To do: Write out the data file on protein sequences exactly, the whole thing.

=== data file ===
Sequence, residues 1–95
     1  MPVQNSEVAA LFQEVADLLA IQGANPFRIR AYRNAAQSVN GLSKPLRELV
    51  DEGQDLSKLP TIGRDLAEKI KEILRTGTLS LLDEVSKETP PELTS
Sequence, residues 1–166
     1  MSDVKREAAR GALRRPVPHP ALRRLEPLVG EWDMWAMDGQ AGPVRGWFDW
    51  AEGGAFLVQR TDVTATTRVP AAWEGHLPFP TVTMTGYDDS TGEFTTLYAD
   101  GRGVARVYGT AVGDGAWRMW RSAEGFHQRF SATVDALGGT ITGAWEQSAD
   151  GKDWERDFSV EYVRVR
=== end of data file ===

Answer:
Sequence, residues 1–95
     1  MPVQNSEVAA LFQEVADLLA IQGANPFRIR AYRNAAQSVN GLSKPLRELV
    51  DEGQDLSKLP TIGRDLAEKI KEILRTGTLS LLDEVSKETP PELTS
Sequence, residues 1–166
     1  MSDVKREAAR GALRRPVPHP ALRRLEPLVG EWDMWAMDGQ AGPVRGWFDW
    51  AEGGAFLVQR TDVTATTRVP AAWEGHLPFP TVTMTGYDDS TGEFTTLYAD
   101  GRGVARVYGT AVGDGAWRMW RSAEGFHQRF SATVDALGGT ITGAWEQSAD
   151  GKDWERDFSV EYVRVR